And that's where stories like this get splattered with a bunch of moral gray area. Was the Taliban fucking evil? Sure thing. But it was highly illegal to rape boys during that time. (It's technically illegal now, but since the perpetrators tend to be powerful men, people often just avert their eyes.) Was Saddam Hussein a really bad guy? You betcha. But his dictatorship kept in check the religious fighting and terrorism that, now unleashed, has given birth to ISIS.
Wonkette spoke to an Army Sergeant 1st Class who served a tour in Afghanistan starting in 2011, and he said these things are far more common than any of us would like to believe, and that it often comes down to the question of "mission creep": We're here to do A, B and C, and also we're observing these five other evil, fucked up things happening, but we can't do anything about it, can we? Can we eradicate a sexual practice that's been going on forever? Probably not. Is it right in front of our faces, when we're meeting with an Afghan commander we're arming and supporting in the fight against the Taliban, and a "tea boy" is right there in the room, attending to his master's needs? Yup, sure is!
But on American military bases? Fucking hell.
As we mentioned above, there are American soldiers and Marines speaking up, and occasionally beating the fuck out of these child-abusing creeps, and it's putting their jobs in danger:
The reason we were here is because we heard the terrible things the Taliban were doing to people, how they were taking away human rights,” said Dan Quinn, a former Special Forces captain who beat up an American-backed militia commander for keeping a boy chained to his bed as a sex slave. “But we were putting people into power who would do things that were worse than the Taliban did — that was something village elders voiced to me.”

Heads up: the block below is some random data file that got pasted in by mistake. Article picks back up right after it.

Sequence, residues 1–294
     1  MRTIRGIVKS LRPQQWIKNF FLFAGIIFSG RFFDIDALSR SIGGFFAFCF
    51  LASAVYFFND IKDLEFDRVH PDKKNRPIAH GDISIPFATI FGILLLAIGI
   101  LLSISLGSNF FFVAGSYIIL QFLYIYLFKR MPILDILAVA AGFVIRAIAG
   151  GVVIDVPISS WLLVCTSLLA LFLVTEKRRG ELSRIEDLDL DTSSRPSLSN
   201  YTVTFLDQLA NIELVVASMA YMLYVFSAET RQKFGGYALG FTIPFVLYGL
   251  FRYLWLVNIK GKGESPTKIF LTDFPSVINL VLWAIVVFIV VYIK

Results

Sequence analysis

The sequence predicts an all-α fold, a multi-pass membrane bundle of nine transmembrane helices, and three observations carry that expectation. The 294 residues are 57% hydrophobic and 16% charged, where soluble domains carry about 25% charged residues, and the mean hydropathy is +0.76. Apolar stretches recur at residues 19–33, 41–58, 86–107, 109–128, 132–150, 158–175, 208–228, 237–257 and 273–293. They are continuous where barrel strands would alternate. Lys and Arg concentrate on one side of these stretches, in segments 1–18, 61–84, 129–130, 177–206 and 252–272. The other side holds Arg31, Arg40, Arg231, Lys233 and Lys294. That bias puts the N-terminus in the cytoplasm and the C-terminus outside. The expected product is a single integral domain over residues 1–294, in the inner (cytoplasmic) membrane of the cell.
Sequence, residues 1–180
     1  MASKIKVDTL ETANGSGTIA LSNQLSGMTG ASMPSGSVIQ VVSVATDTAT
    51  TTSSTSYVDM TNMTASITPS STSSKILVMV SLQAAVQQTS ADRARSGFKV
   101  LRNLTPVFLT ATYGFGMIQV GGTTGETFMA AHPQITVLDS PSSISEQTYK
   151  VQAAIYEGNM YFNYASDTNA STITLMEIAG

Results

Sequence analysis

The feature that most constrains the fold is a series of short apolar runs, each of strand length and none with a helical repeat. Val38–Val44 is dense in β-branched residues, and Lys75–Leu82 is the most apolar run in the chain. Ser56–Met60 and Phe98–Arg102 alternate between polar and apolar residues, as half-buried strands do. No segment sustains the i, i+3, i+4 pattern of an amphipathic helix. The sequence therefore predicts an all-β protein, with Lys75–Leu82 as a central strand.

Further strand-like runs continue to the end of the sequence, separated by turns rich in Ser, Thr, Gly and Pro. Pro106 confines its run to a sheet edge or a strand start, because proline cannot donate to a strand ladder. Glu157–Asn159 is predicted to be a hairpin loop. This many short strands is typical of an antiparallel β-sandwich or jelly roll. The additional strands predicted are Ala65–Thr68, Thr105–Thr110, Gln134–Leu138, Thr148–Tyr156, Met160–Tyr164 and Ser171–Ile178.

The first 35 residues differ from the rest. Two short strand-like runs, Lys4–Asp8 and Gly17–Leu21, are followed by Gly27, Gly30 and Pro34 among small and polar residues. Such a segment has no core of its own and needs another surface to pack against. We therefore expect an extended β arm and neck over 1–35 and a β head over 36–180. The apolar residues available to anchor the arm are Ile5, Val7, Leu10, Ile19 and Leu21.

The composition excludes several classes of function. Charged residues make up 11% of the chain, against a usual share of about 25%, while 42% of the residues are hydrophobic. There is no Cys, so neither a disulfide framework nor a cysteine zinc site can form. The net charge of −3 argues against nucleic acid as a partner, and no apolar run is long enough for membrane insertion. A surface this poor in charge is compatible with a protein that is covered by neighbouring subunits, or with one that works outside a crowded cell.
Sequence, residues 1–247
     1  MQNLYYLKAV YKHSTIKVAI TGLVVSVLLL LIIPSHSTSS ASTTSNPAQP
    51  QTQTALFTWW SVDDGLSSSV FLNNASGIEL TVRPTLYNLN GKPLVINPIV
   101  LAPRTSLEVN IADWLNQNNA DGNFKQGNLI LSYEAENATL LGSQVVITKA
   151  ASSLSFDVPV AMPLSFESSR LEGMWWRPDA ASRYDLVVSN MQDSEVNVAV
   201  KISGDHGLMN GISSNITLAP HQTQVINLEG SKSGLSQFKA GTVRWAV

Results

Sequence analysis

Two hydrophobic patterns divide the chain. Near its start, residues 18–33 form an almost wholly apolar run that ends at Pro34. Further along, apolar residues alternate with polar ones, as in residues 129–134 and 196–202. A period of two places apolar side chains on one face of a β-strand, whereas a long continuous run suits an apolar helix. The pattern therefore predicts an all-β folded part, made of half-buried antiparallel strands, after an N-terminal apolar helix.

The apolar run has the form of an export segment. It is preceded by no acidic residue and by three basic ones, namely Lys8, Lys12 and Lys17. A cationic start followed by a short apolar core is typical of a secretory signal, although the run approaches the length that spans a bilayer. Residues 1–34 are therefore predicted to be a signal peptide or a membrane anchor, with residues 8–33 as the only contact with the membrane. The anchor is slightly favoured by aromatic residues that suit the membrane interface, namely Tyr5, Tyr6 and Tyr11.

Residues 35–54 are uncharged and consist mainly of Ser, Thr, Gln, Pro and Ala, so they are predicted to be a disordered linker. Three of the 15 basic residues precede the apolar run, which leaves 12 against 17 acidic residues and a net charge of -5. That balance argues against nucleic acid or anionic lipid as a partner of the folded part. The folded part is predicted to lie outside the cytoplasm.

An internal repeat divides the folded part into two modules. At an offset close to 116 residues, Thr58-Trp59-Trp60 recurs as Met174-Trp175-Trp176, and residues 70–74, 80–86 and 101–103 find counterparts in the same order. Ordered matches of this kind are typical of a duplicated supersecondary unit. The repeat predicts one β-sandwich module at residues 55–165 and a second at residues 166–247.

Quinn lost his command position in Afghanistan after that, and one of his colleagues who helped him out, Sgt. First Class Charles Martland, is in danger of losing his job entirely. The beating incident started when an Afghan woman came to them for help:
In September 2011, an Afghan woman, visibly bruised, showed up at an American base with her son, who was limping. One of the Afghan police commanders in the area, Abdul Rahman, had abducted the boy and forced him to become a sex slave, chained to his bed, the woman explained. [...]
She explained that because “her son was such a good-looking kid, he was a status symbol” coveted by local commanders.
They confronted Rahman and he admitted it. They tried to say, hey, you're working with the Americans here, and that is NOT OK. He reportedly laughed in their faces, so, in Quinn's words, "I picked him up and threw him onto the ground."
The source Wonkette spoke to told us that it gets weird, though, when you consider that, in Afghan society, some of the families are not like that Afghan woman, and in fact outright support the practice, as it brings them financial security. As to the patrons, our source says that to these men, having the prettiest young boy is like "showing off your new Mercedes." It shows their wealth and power.
And the American military is right in the middle of it, because we're liberating people or something. Read the full Times piece, assuming you have the stomach for it.